For the Christian, sentimentality is a temptation. The sentimental person is so driven by the desire for strong affections, reducing nearly everything to kitsch or a nostalgia for some imagined past.
This sentimentality can easily seep into the feasts of the Christmas season. We imagine the infant Christ, surrounded by his parents, the friendly beasts, the three Magi and the shepherds. Perhaps there’s a bit of snow on the ground in our imaginations. We delight in this image, longing to return to a simpler time when Christ was born and the world was at peace.
Christmas is decidedly the feast of peace. In the Word made flesh, Jesus Christ, we contemplate the union of humanity and divinity. We see the possibility that each of us, if we imitate the self-giving love of the babe in the manger, can become like God.
But Christmas is the feast of peace precisely because the world needs peace. It needs a peace that it cannot give itself. And that’s where sentimentality leads us astray.
The advent of the Magi, coming to adore the newborn savior of the world, takes place in the context of violence.
The Magi come to Herod, asking about the newborn king. Herod is a puppet king. Rome has allowed him to take on the trappings of kingship, but he is no David. He is no Solomon.
For this reason, the query of the Magi elicits a crisis in Herod. If there is a rival power to his own, someone who could wrestle away control, he has to be found out.
Herod sends the Magi on a diabolical mission, unbeknownst to them. He says that he will come to adore this newborn king.
He has no intention of doing so. Herod plans to snuff out this power, to rip apart the Word made flesh. When the Magi depart by another way, having been warned in a dream, Herod grows angry and responds with violence: “He ordered the massacre of all the boys in Bethlehem and its vicinity two years old and under ... ” (Mt 2:16).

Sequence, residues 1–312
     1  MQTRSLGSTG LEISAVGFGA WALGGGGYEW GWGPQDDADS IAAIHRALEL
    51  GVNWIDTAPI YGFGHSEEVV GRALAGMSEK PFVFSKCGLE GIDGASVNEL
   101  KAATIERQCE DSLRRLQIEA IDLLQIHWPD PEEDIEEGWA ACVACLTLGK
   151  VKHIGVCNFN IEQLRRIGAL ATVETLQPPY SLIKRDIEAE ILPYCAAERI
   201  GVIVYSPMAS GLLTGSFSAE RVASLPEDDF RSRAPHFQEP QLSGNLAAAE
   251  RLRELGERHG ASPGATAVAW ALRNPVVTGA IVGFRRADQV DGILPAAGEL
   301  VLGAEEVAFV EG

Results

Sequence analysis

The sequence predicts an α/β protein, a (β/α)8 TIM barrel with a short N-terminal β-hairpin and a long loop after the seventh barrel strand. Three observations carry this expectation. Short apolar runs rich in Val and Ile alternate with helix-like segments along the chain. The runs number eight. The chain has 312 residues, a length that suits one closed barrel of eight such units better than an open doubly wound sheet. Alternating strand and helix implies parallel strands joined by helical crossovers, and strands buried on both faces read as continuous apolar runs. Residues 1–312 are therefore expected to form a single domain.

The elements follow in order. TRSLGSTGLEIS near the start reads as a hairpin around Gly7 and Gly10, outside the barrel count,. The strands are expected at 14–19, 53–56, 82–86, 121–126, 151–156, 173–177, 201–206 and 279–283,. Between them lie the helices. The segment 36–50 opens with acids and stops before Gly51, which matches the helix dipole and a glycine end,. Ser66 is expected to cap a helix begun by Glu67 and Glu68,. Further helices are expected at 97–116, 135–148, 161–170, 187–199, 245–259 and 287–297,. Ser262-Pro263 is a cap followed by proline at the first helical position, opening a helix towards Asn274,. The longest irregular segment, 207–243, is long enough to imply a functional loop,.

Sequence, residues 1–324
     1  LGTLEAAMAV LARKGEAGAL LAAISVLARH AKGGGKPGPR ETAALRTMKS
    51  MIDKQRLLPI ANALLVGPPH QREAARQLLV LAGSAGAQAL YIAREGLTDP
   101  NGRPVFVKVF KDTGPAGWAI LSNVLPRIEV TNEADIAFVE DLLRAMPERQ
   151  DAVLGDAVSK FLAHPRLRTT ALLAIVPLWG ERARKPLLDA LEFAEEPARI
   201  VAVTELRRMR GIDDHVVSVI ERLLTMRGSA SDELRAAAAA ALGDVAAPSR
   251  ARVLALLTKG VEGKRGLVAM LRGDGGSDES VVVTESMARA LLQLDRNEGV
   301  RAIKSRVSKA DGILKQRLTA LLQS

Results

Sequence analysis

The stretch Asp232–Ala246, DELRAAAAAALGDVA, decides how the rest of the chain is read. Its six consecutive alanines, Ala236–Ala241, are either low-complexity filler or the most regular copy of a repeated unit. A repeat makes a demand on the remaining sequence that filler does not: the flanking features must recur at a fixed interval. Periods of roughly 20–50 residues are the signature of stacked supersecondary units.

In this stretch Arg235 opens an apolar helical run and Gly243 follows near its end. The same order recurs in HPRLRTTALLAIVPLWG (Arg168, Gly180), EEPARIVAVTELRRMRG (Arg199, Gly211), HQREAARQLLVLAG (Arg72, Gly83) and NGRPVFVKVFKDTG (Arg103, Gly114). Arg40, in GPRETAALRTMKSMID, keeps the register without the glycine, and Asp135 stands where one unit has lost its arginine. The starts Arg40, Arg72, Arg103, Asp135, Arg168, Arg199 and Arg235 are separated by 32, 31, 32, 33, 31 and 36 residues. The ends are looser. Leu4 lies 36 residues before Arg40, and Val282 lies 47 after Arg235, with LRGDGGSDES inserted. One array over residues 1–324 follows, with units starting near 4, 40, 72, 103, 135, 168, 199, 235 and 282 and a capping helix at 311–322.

This violent act on the part of Herod reveals precisely how unsentimental Christmas is. The birth of Christ is the appearance in the world of total, absolute, divine love.
Jesus in his very person brings about peace between God and man. The “daybreak from on high” (Lk 1:78) — born in the middle of the night at the darkest hour — shines forth the light of divine love.
But not everyone greets the appearance of this love with a song of praise. The gifts of the Magi show this to be true.
Gold for a king. Frankincense for a priest. Myrrh for a corpse. Myrrh, used to anoint a body for burial, is given to an infant. Christmas is not a sentimental feast.
But, it is a joyful one. God reveals to us in the coming of the infant, in the adoration of the Magi, that the time of salvation is at hand.
The Word became flesh. The Word became infant, the speechless one. And eventually, the enfleshed Word will take upon himself the sins of the world, revealing that silent love will defeat sin and death: “Though harshly treated, he submitted and did not open his mouth; Like a lamb led to slaughter or a sheep silent before shearers, he did not open his mouth” (Is 53:7).
The feast of the Epiphany reveals to us that the powerless one, the babe, is the Savior of the world. For that reason, it reminds us that we live in a world that needs saving.
Timothy P. O’Malley, Ph.D., is managing director of the McGrath Institute for Church Life.